For students who live out of state, you have many options to get in contact with someone you could live with. On Facebook, students post messages about subletting their apartments during the summer. I have spent two summers with roommates who were not the people that I lived with during the school year.

Keep in mind that at first, it feels nerve-wracking living with someone you don’t know. For example, my roommates this summer were from Ireland and initially I was hesitant, but it turned out to be a really great summer. I had a fun time showing them around the campus and the Bay Area. By the end of the summer, we were pretty close. They even surprised me on my birthday with a cake.

“I missed the deadline for Barnard summer housing because I didn’t know if I had an internship yet. Luckily for me, I found a room to sublet on Barnard’s buy sell trade Facebook page, which really saved my life. I was subletting from another Barnard girl, which made me feel safer and more secure, and I was living just a few blocks up from campus, so I knew the area fairly well,” Barnard junior Katherine Leak said.

You may not be living the suite life like Zach and Cody but that’s okay… you’ll get there someday.

The next important question: How do you get there every day?

“The commute was fairly simple on the subway. Every morning I would take the 1 train from 116th St and transfer to the 2 or 3 that run express at 96th St downtown to 34th St (the Penn Station Stop). From there, my office was about a five-minute walk,” said Joyce. We can’t all be like Joyce with her fine-tuned routine.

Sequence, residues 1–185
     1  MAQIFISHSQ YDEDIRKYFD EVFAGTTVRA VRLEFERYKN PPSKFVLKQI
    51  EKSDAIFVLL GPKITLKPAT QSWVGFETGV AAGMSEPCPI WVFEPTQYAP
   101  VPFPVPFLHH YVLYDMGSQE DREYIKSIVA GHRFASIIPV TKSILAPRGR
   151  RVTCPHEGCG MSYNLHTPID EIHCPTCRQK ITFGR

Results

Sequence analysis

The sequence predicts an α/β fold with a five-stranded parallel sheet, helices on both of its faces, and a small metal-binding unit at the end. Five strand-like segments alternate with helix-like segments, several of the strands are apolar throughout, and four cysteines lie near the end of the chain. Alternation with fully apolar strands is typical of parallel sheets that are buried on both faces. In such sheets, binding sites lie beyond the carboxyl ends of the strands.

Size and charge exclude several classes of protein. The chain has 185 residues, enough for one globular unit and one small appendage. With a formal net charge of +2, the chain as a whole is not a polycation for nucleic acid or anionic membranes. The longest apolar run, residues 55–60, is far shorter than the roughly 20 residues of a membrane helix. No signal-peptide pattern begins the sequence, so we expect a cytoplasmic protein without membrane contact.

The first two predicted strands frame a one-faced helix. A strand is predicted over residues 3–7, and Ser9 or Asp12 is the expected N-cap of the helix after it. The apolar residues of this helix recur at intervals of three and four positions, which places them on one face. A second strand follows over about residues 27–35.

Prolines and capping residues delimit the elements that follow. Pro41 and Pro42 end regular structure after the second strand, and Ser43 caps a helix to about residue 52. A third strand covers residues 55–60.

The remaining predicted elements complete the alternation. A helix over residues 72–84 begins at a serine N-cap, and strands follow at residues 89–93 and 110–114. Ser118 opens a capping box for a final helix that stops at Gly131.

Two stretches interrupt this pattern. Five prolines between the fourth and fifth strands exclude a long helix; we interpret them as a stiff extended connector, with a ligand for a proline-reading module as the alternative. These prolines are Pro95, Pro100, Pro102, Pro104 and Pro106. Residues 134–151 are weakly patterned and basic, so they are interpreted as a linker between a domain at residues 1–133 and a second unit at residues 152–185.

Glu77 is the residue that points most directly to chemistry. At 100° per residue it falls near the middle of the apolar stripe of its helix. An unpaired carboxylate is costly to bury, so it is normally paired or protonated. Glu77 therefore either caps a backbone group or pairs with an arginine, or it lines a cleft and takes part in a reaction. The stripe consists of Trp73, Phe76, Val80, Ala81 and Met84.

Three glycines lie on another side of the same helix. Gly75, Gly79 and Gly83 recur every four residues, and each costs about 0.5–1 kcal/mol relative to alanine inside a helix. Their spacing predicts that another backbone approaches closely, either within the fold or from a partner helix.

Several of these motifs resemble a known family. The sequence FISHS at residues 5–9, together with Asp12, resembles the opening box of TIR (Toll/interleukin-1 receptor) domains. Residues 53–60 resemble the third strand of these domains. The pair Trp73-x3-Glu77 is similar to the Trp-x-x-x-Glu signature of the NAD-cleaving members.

In New York City, the hustle and bustle can slow you down. Pagliaccio said his commute took almost an hour. New York may not be easy to navigate, don’t worry if you don’t get it on the first try. Whether it’s the subway, a cab or a walk, you’ll always find a way to remedy the commuter boredom. “Delays come with the territory. You will finish a lot of books on the subway and you will feel good about that,” Hager said.

How to financially support yourself

  1. Scholarships: In order to fund this dream internship that you get, you will have to have money. Apply for scholarships in advance to potentially cover the cost or simply devote a chunk of your paycheck to your rent (obviously not the most exciting way to spend but it must done).
  2. And if your parents are willing to support, 100 percent go for it.

What you need


“The kinds of things I needed? Well, identification, of course so you can sign labor papers and get paid and so on. Then, you know, labor provisions. A laptop. On top of that, [there’s] nothing you can’t really find around town,” Hager said.


To take the big leap and simply applying requires only a click of a button. The biggest step is simply getting out of the car on the first day and walking in even if you are terrified that you won’t belong, that you won’t be good enough. Remember that you are. They hired you for a reason. Go in there with your head held high. You got this.

What It’s Really Like to Intern in New York City

the intern

The Intern

“Although interning takes a large chunk of time from normal business hours, I find that my work experiences often help my comprehension and analysis of material covered in class (and my classwork sometimes helps with insights for work) so it’s a really nice balance,” NYU junior Diamond Naga Siu said.

“I honestly was not expecting to have as much responsibility as I did right away. Interning in a literary agency, there were only three other women working there, so I wasn’t doing coffee runs or making copies, like you would typically expect from interns. Instead, I was actually making edits on manuscripts that would be used later or I was researching editors to send the manuscripts to. Though I wasn’t expecting all of this, it definitely made me work even harder to produce high quality work, so that my bosses would have to back and fix things later,” Barnard junior Katherine Leak said.

Regardless of the overwhelming nature of the big city plus an internship, these experiences are more than worth it. What are you waiting for?

Morgan is a senior English Major at UC Berkeley. She has stacks and stacks of writing that hopefully will be seen one day. She loves singing and is currently a thriving YouTube ukulele student.